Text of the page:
8,000 inquire about 201 apartments as Central Florida officials seek affordable housing options

Orlando’s Pendana at West Lakes mixed-income apartments have debuted with 8,000 prospective tenants inquiring about 201 units, some of which rent for less than half of the going market rate.

The number of applicants for the new development near Camping World Stadium underscores Orlando’s ranking as one of the country’s toughest housing markets for the lowest-income renters, reported the National Low Income Housing Coalition. Metro Orlando’s gap between wages and housing costs hurt the region’s attractiveness as a place to live, according to a new report by U.S. News & World Report that ranked Metro Orlando 78th.

“I hope and pray people see the demand,” said Orlando renter Anita Mouton, who added that she is on a waiting list, hoping Pendana units will open later in the year. “What are they waiting on to create more of these? You need these in this community. This is a low-budget city.”

In search of housing solutions, more than 100 Central Florida officials and housing executives last week finalized a series of regional housing workshops organized by Orange County. Upcoming recommendations are likely to include adding new home-construction taxes, expanding the types of housing allowed in neighborhoods, carving out land trusts to lower costs and requiring some affordable residences in typical communities.

Developers and builders have objected to driving up costs but the various housing groups all agree that Florida lawmakers should stop raiding state funds earmarked for affordable housing. Last month, the Legislature bucked its own task-force recommendations by diverting $185 million from housing trust funds to spend on school safety. That left just $109 million behind for down-payment programs, rental assistance, senior housing aid and other programs. It was the 11th consecutive year legislators dipped into housing funds to pay for other needs.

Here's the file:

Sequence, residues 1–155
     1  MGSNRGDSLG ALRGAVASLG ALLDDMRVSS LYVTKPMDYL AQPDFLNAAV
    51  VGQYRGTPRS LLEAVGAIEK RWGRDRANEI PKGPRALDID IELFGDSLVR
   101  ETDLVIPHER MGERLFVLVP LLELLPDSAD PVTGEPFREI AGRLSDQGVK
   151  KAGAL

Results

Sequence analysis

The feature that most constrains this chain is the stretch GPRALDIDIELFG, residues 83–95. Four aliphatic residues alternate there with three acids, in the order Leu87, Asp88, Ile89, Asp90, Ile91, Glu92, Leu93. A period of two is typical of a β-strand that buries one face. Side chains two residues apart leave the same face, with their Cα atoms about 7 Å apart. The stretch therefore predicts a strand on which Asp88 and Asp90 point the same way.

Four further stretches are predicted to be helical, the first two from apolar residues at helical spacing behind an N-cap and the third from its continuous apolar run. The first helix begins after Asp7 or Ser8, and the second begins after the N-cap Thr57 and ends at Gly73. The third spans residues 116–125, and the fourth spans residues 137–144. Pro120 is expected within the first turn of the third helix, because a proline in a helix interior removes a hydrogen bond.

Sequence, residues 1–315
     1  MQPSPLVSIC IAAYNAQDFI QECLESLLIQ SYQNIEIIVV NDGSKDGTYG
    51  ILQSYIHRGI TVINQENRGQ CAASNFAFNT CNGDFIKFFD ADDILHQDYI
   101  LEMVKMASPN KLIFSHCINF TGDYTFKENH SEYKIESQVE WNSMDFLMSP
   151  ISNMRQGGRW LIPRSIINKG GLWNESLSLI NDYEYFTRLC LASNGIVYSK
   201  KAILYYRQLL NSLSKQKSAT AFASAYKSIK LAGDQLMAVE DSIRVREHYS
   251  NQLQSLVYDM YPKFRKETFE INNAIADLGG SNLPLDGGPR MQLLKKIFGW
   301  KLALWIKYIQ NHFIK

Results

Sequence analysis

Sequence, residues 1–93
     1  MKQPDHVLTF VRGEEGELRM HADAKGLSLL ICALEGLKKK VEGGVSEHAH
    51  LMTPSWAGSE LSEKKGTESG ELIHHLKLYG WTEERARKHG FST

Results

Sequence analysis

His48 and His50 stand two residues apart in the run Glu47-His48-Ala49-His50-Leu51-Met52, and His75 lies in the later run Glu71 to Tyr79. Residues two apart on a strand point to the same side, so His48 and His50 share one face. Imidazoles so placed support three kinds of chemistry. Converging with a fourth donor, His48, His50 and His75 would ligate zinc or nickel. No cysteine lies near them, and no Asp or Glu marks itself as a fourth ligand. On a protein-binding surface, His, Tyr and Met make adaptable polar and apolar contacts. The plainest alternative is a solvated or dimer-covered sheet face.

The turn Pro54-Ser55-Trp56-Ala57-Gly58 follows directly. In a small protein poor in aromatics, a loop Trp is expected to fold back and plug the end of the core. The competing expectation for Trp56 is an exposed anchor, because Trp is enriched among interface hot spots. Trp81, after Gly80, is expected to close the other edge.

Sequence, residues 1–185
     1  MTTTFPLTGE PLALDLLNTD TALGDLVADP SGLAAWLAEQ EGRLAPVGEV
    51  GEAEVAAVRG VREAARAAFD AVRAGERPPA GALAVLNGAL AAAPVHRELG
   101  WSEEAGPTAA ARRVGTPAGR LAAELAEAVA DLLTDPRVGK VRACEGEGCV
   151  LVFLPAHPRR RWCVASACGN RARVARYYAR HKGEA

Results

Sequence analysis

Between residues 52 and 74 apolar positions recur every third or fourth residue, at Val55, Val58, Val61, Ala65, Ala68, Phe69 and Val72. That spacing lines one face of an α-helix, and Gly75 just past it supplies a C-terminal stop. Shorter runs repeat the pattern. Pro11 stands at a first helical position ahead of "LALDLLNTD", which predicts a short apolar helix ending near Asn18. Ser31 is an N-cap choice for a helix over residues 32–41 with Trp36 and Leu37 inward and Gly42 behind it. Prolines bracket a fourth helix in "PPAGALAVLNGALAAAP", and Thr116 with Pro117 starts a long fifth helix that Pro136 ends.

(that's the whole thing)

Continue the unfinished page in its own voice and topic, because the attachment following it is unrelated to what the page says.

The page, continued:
“Florida is one of the few states with the set-aside to fund affordable housing and the Legislature is choosing to funnel it to other places. …” said Sandy Hostetter, Central Florida president of Valley National Bank. The lender helped finance the $40 million Pendana project.

Legislation to protect the housing funds died in an appropriations committee that included Sen. Kelli Stargel, a Republican representing parts of south Lake County. She did not respond to phone calls.

At Pendana on a recent weekday morning, applicants lined up outside the door to the leasing office. The private-public partnership is able to offer below-market rents there because the nonprofit Lift Orlando group leveraged donated land, tax credits and other tools. Some units are rented out based on the tenants’ income — as little as 30 percent of residents’ income on select units. Other units are priced starting at $593 a month and market-rate units start at $850.

But creating another Pendana has become less likely because state and federal spending isn’t prioritizing it, Hostetter said.

The problem is particularly acute in Osceola County, which has sought solutions to house its growing population of working-class residents. Possibly thousands of residents pay about $1,200 a month to live in old hotels along U.S. Highway 192, said Susan Caswell, assistant community development administrator for Osceola, and lack the deposits and other upfront fees for better housing.

To push affordable living, the county has expedited building permits, partnered on down-payment assistance programs and allowed deferral or subsidies of impact fees. Unlike some other counties, it also embraces renters living in garage apartments. Caswell said Osceola may soon consider charging impact fees based on the size of a house rather than the number of bedrooms in an effort to encourage smaller houses.

Builders are constructing three- and four-bedroom houses when smaller and more affordable homes are needed the most in a county with average wages of $33,000, she said.

“We have made production easier, quicker and less expensive, but our fundamental issue is that our builders are building a type of housing that does not meet a need,” Caswell added.

But production home builders say they are delivering what the market demands with an eye to making a profit.

“We serve the market. We don’t control it,” said Alex Martin, division president for Mattamy Homes. “I build what I’m told. I serve the regulators and the buyers.”

Atlantic Housing Partners Principal Scott Culp said Osceola’s recent hike in residential construction taxes called impact fees has forced his company to question whether it can afford to build there. Local governments should instead call for a portion of housing to be affordably priced in new neighborhoods such as Lake Nona the way Orlando required it for Creative Village just west of downtown, he said.

Funds “would go much further and you need to require it everywhere,” he said.